A Co Kildare golf course, reputed to have had a value of between €3.5 million and €4 million before the property crash, is being offered for sale from today at about €800,000.
The 18-hole Knockanally House and Golf Course, located between Kilcock and Donadea, is to be marketed by James Meagher of agent HT Meagher O'Reilly, who was appointed selling agent by receiver Tom Kavanagh of Kavanaghfennell.
In addition to the 120-acre golf course, the property also includes an impressive 19th-century Palladian mansion which is used as a clubhouse, a professional golf shop, five houses and a gate lodge.
The Knockanally golf course was developed by businessman Noel Lyons and opened for play as far back as 1985. It has more than 300 members who each pay annual subscriptions of €810. The members have the use of the facilities until the end of this year, according to Meagher.
While most of the members reside in Co Kildare, the course has continually attracted a considerable number of Dublin golfers over the years because of its convenient location within 6.5km from Exit 9 on the M4 motorway. Dublin is within a 40-minute drive of the golf course.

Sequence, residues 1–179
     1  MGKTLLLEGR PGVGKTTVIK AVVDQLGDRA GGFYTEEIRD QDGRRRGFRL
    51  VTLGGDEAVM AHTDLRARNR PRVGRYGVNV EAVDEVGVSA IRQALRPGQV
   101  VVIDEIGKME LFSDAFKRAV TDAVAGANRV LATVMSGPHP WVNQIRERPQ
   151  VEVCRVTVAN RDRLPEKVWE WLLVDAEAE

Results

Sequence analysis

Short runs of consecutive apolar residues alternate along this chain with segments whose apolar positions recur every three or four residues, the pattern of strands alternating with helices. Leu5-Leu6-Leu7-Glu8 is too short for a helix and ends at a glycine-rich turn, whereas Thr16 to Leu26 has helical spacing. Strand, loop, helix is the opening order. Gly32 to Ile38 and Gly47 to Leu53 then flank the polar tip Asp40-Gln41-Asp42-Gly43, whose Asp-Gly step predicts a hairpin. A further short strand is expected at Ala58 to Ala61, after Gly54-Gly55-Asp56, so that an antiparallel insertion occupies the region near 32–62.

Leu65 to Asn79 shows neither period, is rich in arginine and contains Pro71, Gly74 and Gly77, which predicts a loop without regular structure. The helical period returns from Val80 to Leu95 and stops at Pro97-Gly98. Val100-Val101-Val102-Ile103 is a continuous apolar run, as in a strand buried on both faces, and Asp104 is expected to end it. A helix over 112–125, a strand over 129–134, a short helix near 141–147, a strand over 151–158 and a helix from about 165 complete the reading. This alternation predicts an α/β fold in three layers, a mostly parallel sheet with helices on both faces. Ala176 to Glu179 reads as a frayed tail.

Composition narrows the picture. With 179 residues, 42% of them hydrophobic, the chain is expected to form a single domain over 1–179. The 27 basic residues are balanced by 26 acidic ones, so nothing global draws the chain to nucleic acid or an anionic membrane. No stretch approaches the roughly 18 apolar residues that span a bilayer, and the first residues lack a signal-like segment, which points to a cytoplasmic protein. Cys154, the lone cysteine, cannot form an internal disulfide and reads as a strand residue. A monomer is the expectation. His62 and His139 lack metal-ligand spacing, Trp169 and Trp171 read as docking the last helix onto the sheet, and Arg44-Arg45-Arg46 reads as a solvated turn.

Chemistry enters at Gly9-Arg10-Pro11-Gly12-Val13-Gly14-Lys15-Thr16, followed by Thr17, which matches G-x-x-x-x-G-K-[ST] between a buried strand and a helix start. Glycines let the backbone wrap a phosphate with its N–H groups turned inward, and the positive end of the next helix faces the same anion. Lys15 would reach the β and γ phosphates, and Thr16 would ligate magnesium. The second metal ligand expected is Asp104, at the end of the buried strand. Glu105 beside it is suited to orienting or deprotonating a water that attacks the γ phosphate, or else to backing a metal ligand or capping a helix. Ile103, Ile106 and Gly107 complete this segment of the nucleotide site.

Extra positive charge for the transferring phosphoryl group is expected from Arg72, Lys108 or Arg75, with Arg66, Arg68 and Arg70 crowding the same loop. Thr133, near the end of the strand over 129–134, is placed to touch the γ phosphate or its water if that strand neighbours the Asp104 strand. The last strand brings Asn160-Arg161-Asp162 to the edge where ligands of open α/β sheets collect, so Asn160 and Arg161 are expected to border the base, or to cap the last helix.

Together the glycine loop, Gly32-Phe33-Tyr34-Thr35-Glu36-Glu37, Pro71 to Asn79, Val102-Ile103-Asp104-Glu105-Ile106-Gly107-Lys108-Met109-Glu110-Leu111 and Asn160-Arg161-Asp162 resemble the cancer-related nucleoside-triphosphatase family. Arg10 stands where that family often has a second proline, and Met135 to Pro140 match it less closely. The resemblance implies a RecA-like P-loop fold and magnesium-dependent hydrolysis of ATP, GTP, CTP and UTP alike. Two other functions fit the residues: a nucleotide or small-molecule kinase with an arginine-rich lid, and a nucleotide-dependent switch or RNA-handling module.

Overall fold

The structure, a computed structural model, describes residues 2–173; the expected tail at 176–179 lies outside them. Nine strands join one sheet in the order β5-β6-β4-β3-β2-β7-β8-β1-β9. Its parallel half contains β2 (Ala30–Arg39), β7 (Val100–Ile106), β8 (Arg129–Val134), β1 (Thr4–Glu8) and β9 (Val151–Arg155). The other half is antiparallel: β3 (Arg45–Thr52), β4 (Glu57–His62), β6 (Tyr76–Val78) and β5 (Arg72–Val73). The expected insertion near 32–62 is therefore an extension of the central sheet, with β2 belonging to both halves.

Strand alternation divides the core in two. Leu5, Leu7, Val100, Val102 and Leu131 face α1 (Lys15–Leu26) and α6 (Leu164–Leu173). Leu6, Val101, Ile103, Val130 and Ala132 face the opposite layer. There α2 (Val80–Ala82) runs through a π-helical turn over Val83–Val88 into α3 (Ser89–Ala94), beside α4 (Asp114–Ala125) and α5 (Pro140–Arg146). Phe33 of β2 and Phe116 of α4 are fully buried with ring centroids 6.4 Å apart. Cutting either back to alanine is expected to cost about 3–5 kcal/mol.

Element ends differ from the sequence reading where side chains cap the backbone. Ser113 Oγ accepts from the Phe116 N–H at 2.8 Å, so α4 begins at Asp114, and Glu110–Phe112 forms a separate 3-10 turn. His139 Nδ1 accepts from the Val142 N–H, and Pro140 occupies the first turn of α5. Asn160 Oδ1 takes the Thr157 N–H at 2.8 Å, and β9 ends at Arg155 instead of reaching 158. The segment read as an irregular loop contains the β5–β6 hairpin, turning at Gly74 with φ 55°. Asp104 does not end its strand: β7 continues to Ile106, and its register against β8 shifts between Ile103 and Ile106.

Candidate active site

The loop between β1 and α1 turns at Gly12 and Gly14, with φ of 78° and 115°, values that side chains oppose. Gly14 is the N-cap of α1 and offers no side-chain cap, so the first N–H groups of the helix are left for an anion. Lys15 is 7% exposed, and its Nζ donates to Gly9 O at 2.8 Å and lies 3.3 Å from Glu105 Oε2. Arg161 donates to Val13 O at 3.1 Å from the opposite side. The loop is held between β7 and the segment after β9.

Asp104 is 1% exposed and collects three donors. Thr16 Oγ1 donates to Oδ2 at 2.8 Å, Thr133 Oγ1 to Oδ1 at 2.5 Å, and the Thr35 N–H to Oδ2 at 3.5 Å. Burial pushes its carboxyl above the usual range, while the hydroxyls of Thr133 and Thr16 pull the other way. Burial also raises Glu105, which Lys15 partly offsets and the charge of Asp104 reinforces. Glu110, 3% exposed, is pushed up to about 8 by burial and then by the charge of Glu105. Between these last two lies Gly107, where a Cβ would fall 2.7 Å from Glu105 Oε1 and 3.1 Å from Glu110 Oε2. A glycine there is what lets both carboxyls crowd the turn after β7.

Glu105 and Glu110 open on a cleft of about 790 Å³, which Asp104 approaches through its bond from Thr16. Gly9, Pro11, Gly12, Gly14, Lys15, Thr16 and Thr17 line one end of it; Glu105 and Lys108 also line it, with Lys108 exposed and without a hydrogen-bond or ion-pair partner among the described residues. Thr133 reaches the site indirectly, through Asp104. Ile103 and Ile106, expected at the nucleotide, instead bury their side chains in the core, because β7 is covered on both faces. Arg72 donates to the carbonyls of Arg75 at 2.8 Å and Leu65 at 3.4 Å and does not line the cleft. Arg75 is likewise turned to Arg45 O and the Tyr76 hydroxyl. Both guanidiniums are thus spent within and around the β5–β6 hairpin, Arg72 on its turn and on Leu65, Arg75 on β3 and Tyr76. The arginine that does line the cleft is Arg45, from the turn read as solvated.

However, with no fewer than 20 golf clubs in Co Kildare, Knockanally has its work cut out to retain the support of Dublin-based golfers who are constantly being bombarded with offers from competing clubs.
The Knockanally grounds have matured quite considerably over the past two decades and the course is particularly noted for a number of extremely challenging holes. The first hole has been described by golfer Christy O’Connor as “the most difficult opening hole in golf” with out-of-bounds on the right and protection by water on the left of the green.
Meagher says that while the well-maintained golf course provides an excellent investment opportunity at a relatively low cost, a new owner might opt to use the extensive lands for agriculture or horse breeding and to convert the main house into a stylish family home.
Knockanally House, a two-storey over basement house with 734sq m (7,904sq ft) of floor space, was the centrepiece of a an extensive estate when it was built in 1843 by William Coates whose family had mining interests in Africa.
The estate was acquired by the Irish Land Commission in 1942 and subsequently divided among a number of Irish farming families in exchange for land in other parts of Ireland.
The balance of the land and Knockanally House were later bought by a Captain Sheppard. He farmed the land and, in turn, sold it to the Maharani of Baroda, a polo enthusiast who spent his time between a home in Monte Carlo and his Co Kildare stud.